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TailwindCSS + Vuetensils = 😍 accessible and composable Vue components

Creating component-based UI libraries is a challenge in balancing how much customization options you provide. Vuetensils was always designed to be extremely customizable, mostly relying on slots and CSS.

Slots and CSS provide a lot of options for customization, but there wasn’t much support for customizing the actual markup. This is deliberate because the focus of the library is accessibility and semantics. Therefore, it needs to maintain control over most of the markup.

However, one big issue with restricting access to the HTML is for users that rely on CSS libraries working with classes, such as TailwindCSS or Bootstrap.

That changes today!

With the release of version 0.3.10, Vuetensils now allows developers to customize the classes in the output HTML.

Adding TailwindCSS classes to Vuetensils

To explore this feature more, let’s look at adding custom classes to a Vuetensils VAlert component using TailwindCSS’s utility classes.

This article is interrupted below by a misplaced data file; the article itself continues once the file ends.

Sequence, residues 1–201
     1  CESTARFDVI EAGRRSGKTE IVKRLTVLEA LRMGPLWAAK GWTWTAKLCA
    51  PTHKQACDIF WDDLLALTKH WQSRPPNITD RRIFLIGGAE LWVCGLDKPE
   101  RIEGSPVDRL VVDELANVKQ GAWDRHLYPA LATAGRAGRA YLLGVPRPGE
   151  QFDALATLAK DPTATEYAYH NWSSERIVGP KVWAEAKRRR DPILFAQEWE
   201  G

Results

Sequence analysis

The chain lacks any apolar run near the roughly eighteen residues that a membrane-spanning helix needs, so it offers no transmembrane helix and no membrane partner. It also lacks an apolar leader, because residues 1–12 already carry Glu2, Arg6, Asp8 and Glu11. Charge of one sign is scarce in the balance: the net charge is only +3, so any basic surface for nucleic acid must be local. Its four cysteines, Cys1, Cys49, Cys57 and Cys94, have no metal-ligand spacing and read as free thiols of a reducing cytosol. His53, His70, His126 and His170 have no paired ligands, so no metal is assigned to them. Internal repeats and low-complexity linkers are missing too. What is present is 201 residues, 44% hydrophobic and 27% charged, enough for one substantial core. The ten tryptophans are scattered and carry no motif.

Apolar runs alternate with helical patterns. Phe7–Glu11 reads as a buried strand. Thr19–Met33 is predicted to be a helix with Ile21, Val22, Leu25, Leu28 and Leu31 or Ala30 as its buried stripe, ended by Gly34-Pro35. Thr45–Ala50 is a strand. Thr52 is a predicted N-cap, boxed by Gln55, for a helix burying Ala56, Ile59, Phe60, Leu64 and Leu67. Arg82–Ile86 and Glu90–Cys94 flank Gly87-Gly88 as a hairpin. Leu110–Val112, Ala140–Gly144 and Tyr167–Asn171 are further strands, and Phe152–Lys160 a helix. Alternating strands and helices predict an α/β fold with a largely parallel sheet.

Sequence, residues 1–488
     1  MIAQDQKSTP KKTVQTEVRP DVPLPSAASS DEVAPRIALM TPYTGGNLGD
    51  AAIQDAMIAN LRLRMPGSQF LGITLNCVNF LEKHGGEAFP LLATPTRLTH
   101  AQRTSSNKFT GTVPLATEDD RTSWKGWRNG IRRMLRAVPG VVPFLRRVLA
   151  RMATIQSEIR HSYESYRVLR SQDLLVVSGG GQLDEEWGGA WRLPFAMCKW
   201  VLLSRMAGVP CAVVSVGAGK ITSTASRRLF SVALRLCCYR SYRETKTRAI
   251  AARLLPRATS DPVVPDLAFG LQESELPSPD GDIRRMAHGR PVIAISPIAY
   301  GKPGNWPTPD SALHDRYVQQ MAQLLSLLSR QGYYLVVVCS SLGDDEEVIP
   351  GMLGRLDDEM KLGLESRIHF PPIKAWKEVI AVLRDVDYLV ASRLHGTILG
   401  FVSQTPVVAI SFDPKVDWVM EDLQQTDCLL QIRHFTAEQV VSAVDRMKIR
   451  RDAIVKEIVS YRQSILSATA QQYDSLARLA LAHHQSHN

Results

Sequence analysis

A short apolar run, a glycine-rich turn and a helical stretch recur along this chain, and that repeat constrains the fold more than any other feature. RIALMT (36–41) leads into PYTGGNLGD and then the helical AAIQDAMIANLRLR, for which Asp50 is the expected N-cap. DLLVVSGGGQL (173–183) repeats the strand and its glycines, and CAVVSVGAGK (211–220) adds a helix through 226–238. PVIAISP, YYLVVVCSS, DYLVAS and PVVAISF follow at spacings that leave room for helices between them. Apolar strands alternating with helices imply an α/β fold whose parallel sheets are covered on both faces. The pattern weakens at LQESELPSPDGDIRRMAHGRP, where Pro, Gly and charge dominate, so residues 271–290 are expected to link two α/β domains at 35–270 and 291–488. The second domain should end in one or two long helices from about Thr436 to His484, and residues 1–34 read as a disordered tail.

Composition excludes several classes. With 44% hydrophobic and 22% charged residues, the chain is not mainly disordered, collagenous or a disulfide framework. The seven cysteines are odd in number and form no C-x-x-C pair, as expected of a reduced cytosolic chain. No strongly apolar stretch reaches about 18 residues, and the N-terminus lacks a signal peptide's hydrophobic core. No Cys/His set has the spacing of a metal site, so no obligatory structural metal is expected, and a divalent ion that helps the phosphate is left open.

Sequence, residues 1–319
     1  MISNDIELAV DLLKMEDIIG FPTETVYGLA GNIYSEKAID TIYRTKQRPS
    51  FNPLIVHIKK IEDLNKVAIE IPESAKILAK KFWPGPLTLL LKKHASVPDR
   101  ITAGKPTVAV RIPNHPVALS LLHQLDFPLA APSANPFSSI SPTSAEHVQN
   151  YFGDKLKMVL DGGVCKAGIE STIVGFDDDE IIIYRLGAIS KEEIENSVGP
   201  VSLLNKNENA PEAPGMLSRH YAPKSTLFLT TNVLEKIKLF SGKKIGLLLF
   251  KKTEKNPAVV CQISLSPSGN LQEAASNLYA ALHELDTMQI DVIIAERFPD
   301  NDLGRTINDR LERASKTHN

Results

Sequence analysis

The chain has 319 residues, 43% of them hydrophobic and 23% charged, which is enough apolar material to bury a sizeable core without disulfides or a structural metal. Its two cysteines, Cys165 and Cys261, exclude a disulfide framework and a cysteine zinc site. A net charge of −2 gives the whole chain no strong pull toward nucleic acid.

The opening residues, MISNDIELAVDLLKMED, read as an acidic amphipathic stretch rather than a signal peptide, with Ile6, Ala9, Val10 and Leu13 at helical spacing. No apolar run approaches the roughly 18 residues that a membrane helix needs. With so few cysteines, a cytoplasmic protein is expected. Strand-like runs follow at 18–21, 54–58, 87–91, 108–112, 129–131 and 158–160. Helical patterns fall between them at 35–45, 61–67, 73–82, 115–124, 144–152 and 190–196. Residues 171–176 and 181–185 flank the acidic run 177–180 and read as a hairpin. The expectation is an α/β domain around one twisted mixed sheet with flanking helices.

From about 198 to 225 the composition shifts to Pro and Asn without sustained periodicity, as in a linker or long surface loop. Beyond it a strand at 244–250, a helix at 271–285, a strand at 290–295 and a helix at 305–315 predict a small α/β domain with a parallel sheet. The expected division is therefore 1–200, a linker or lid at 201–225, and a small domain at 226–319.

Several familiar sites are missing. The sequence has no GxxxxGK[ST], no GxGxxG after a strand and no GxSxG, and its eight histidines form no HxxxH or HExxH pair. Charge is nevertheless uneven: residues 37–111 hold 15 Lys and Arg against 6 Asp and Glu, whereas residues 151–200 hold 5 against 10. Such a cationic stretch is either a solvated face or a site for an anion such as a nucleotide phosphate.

I won’t go into too much detail about adding TailwindCSS to a Vue project. For that, take a look at this article.

Instead, let’s look at a component example:

<template>
  <div>
    <button
      class=" p-2 rounded-sm text-white bg-green-600 "
      @click="showAlert = !showAlert"
    >Toggle Alert</button>

    <VAlert
      v-model="showAlert"
      :classes="{
        root: 'mt-3 rounded-sm border border-solid border-blue-800 p-3 text-blue-800 bg-blue-100'
        dismiss: 'ml-5 p-1 rounded-sm leading-none text-white bg-blue-800'
      }"
      dismissible
    >Vuetensils + Tailwind = 😍</VAlert>
  </div>
</template>

<script>
import { VAlert } from "vuetensils";

export default {
  components: {
    VAlert
  },

  data: () => ({
    showAlert: false
  })
};
</script>

We have a basic button that is styled with TailwindCSS classes and toggles the showAlert property.

The VAlert component uses v-model to track the showAlert property. It accepts an object as the classes prop with the custom classes for the root element and the dismiss button. The root styles could have been placed in a class attribute, but for the sake of this example, we will use the classes prop.

And that’s pretty much it. A super customized alert UI that is semantic, accessible, and doesn’t add any unused CSS to your final bundle. Sweet!